After maturation, or fixation, as it is now termed, one part of the tincture will transmute ten times more into gold than the tincture from a combination of Mercury and common gold would do … I have made metals to mature through an ingression of Mercury, and this quick-metal, which transmutes into fine gold, i.e. 100 parts of silver into fine gold, or 100 parts of copper into silver, many have called the Sulphur in Mercury, Sophorum or Universal, because they employed it for other uses as a tincture, but they did not know its origin … In order to make common gold pervasive, you must understand that Mercury alone provides the means for ingress for the Vitriol and the Sulphur into metals, and the contraction of this Mercury makes it mature. The moisture of the quick metal passes into the dryness of the Mercury and the whole becomes tincture. There is no such thing as a wet state in the world of Nature. Ignorant folk have understood the word moist to mean wet. A wet state destroys everything. Our water does not wet the hands, but it is moist. The saline liquors have nothing to do with this.

Where Ali Puli writes, “The moisture of the quick metal passes into the dryness of the Mercury and the whole becomes tincture,” Lapidus has written The moisture of the quick metal passes into the dryness of the GOLD, then the whole becomes tincture. Where Ali Puli writes, “There is no such thing as a wet state in the world of Nature,” Lapidus has written There is no such thing as a wet state in the world of metals.

Ali Puli articulates the difference between alchemical dissolution and putrefaction, highlighting that “… all that we therefore perform, happens through the process of a simple dissolution and coagulation; nothing comes about through any process of decay, such as people generally believe to be the case.” He elaborates upon the planting of a seed into soil; that it does not decay but is instead swelled and turned to slime via the vital salt sinking “down into the soil with the dew and the rain penetrating through the shell of the seed into the kernel”; that the vital image of the plant or tree arising from this dissolution eventually acquires an existence “in material form through its own vital salt, vitriol and water” and is coagulated as a result of being “constantly fed by the penetrating vital salt from dew and rain” percolating into the soil. “From this process there grows a large plant or a tall tree, provided the soil remains, wherein the nourishing sal centrale sustains and feeds it.”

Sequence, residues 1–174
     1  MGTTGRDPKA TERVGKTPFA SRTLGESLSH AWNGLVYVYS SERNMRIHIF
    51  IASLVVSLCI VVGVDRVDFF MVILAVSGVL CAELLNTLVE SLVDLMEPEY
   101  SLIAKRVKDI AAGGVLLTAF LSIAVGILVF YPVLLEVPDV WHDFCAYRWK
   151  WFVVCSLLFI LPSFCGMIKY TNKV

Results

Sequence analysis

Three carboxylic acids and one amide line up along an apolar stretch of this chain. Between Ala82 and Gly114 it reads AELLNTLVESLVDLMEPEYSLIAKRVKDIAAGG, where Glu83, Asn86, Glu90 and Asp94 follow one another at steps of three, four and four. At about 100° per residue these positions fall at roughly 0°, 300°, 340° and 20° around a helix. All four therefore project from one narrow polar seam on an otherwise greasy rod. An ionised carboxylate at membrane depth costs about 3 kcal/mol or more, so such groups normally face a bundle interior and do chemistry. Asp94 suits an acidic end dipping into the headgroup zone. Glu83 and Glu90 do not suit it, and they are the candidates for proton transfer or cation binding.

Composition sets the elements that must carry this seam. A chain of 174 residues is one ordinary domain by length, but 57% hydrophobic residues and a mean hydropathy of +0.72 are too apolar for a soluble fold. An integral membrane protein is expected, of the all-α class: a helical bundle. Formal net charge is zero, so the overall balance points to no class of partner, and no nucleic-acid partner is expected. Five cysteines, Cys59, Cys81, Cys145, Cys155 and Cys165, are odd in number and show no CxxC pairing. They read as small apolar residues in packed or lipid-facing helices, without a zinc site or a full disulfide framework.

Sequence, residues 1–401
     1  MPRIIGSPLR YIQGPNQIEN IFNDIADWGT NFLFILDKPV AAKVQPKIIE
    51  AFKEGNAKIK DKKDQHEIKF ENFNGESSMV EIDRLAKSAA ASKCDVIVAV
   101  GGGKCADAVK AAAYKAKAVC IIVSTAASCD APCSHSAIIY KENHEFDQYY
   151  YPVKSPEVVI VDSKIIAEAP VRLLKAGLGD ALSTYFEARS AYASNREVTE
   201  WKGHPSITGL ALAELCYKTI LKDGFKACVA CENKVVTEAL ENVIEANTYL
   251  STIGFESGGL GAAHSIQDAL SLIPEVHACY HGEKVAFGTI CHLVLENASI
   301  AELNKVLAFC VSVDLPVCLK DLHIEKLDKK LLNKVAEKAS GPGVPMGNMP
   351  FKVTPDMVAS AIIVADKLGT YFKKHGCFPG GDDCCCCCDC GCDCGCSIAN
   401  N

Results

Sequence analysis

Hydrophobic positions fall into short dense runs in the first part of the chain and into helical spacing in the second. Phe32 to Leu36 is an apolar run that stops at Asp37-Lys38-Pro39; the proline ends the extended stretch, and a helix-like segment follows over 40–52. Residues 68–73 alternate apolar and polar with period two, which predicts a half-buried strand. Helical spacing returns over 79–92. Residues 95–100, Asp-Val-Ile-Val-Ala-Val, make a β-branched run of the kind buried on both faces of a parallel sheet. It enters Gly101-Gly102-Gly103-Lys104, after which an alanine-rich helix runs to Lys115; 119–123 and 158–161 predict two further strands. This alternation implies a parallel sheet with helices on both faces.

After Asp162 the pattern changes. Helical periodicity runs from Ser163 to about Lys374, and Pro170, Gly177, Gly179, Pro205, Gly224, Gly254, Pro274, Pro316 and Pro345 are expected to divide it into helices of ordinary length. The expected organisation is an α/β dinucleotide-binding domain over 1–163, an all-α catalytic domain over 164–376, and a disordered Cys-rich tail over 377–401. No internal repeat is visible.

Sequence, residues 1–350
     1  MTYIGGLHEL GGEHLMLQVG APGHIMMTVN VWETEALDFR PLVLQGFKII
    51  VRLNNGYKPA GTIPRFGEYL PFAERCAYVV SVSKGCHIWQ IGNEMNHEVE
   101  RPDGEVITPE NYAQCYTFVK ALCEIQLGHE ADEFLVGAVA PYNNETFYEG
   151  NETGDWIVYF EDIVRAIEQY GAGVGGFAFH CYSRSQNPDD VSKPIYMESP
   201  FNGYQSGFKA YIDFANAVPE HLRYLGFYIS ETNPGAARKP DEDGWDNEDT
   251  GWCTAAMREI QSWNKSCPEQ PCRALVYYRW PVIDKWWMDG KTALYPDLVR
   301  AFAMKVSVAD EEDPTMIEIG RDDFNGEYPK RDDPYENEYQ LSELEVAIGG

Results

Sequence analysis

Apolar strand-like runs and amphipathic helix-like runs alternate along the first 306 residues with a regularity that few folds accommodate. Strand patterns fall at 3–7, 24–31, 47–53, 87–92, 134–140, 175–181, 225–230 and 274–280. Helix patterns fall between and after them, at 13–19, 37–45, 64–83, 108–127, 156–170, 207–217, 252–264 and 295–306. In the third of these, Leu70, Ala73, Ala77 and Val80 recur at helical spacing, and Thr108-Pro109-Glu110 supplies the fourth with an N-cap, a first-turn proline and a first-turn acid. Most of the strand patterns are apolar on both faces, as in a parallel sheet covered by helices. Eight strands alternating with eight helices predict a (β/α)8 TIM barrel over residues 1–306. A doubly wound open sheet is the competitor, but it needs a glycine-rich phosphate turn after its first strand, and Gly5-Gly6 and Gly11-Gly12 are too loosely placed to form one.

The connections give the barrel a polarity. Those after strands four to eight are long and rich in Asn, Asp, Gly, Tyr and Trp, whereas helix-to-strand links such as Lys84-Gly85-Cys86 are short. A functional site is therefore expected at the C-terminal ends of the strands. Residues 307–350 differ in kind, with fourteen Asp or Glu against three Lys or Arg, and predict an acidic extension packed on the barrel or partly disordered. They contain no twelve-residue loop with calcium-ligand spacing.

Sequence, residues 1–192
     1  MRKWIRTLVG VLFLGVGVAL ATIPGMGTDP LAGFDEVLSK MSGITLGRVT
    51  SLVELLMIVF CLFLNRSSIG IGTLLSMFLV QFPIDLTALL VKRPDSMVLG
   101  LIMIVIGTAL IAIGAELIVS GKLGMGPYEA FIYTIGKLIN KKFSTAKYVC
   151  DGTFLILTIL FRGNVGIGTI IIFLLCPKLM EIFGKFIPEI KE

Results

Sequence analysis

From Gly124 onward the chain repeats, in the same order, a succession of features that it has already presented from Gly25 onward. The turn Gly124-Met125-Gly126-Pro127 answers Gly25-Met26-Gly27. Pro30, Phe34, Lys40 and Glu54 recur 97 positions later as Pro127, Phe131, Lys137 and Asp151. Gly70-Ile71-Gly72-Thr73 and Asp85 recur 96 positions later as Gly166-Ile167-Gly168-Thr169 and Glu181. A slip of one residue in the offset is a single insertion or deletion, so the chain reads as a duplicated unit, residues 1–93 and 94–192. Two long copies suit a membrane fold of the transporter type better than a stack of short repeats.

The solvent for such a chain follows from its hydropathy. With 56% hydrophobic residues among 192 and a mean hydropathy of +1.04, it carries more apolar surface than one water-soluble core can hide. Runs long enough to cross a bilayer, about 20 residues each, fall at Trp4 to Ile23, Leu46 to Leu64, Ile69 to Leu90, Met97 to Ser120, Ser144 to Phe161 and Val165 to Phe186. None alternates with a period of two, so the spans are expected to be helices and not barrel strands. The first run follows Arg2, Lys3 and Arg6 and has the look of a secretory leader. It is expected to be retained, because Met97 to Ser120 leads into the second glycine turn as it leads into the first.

Lapidus concludes the second pass-key with this paragraph regarding colours, as put forth by Ali Puli:

When the dissolving process of the gold has been completed and the separation of the water ends, the mass throws off all impure and extinct earth on to the edge of the glass vessel and appears white. Here it is to be noted that the substance does not change in one day, but requires much time, because each colour, in its growth, appears slowly, becomes strong, and gradually shades off. When the white colour begins to appear, the substance gradually turns into a powder … Here the maturing process starts and subsequently proceeds to coagulation (commonly called fixation) and … a further process follows … the longer this process takes the better the result – until at last the small corpuscles become firm and compact, the yellow colour comes along, ending with a red, and our task is finished.

This post is extracted from Paul Hardacre’s 15,000+ word paper, ‘The Lost Book of Lapidus’, presented at the 2012 Esoteric Book Conference in Seattle.

The Pass-Keys to Alchemy is available from Salamander and Sons.